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Saturday, November 28, 2020

Thai king calls nation ‘land of compromise’ as protests persist

Political uncertainties have risen in Thailand with the widespread protests, making Thai stock market the worst performer in Asia this year. Protesters are also pushing for a more democratic constitution and more accountability for the king.

By: Bloomberg | November 2, 2020 9:31:04 am
Thailand's King Maha Vajiralongkorn and Queen Suthida greet royalist supporters outside the Grand Palace in Bangkok on November 1, 2020 after presiding over a religious ceremony at a Buddhist temple inside the palace. Photographer: Jack Taylor/AFP via Getty Images

Facing the biggest anti-government protests in years, King Maha Vajiralongkorn called Thailand “the land of compromise” in a rare public comment after months of demonstrations in the Southeast Asian nation.

The Thai monarch was responding to a question by U.K.’s Channel 4 News on whether there’s room for compromise amid the protests as he met with supporters in a walkabout. More than 62% of participants in a poll published a week ago by Bangkok’s Suan Dusit University said discontent with Prime Minister Prayuth Chan-Ocha was a key reason for the recent demonstrations.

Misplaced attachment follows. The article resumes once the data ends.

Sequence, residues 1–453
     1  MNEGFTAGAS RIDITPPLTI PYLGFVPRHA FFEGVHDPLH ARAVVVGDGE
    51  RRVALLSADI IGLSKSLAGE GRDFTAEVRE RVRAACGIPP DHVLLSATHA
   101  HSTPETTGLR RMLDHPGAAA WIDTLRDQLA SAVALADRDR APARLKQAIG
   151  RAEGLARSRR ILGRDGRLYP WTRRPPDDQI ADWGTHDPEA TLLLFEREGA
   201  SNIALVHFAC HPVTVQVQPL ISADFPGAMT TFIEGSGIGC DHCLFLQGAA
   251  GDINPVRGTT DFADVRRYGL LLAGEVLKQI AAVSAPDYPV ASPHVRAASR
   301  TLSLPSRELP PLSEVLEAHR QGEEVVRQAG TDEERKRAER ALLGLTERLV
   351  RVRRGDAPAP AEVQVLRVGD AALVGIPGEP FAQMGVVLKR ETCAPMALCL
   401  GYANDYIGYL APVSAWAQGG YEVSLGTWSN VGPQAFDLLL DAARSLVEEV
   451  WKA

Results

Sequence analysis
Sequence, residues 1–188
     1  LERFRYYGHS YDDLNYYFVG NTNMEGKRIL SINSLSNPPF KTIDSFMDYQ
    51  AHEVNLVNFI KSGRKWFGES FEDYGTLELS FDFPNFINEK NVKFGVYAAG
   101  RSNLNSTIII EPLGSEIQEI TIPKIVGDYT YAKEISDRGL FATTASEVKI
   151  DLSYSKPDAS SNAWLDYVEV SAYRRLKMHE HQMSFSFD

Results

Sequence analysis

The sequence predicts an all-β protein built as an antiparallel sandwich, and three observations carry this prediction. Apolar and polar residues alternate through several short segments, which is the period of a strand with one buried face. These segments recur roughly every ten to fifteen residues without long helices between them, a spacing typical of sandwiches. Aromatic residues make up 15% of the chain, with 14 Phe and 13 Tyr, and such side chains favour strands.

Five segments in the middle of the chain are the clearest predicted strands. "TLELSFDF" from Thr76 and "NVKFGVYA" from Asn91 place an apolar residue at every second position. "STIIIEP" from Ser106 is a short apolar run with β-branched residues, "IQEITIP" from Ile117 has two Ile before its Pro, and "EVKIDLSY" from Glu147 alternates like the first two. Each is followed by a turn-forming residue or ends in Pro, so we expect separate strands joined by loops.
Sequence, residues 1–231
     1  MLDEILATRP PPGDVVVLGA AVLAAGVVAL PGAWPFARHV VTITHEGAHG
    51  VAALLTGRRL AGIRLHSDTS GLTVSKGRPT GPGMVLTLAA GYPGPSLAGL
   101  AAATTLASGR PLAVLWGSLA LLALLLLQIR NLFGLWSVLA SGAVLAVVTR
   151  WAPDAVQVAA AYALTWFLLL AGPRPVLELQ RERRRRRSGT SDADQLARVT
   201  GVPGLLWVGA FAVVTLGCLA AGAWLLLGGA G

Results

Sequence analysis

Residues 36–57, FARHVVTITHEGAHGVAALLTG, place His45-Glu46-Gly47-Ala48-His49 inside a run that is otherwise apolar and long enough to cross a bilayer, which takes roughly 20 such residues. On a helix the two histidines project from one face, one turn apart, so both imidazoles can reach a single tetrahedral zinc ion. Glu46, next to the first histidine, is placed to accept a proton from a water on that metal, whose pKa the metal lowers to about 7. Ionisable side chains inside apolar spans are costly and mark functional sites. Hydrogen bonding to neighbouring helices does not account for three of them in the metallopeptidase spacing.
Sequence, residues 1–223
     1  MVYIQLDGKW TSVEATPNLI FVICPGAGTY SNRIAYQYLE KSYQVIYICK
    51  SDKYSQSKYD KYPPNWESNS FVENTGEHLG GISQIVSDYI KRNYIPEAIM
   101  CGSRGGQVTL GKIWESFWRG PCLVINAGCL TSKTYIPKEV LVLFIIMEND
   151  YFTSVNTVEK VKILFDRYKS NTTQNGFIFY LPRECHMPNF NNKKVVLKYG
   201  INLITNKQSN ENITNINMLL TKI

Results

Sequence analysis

Political uncertainties have risen in Thailand with the widespread protests, making Thai stock market the worst performer in Asia this year. Protesters are also pushing for a more democratic constitution and more accountability for the king.

READ | Thailand protests reveal growing generational gap on political issues

While initially declining to comment on demands for more reforms, the monarch offered an olive branch to protesters.

“We love them all the same,” he said of the demonstrators, repeating the line two more times.

Free Youth, one of the protest groups, said the government’s crackdown on demonstrations and arrests of dozens of activists “do not suggest this is a land of compromise.”

READ | Thai protesters shun Parliament, ask Germany to probe king

Bangkok protests, Thailand protests, bangkok anti-government protests, bangkok transit systems shut, bangkok protests social media, Prayuth Chan-ocha, thailand prime minister, Prayuth Chan-ocha protests, bankok sky trains, Thai police protests Pro-democracy protesters march during a protest in Udom Suk, suburbs of Bangkok, Thailand (AP/File)

Prayuth told reporters Friday that “no one wants to stage a coup” when asked about rumors and suggestions by some protesters of possible military action to replace him. “We never think about this. We need to be careful and prevent the situation from escalating.”

The former army chief has run Thailand for over six years, having taken power himself in a 2014 coup and returning as premier after elections last year under a constitution produced by his military regime.

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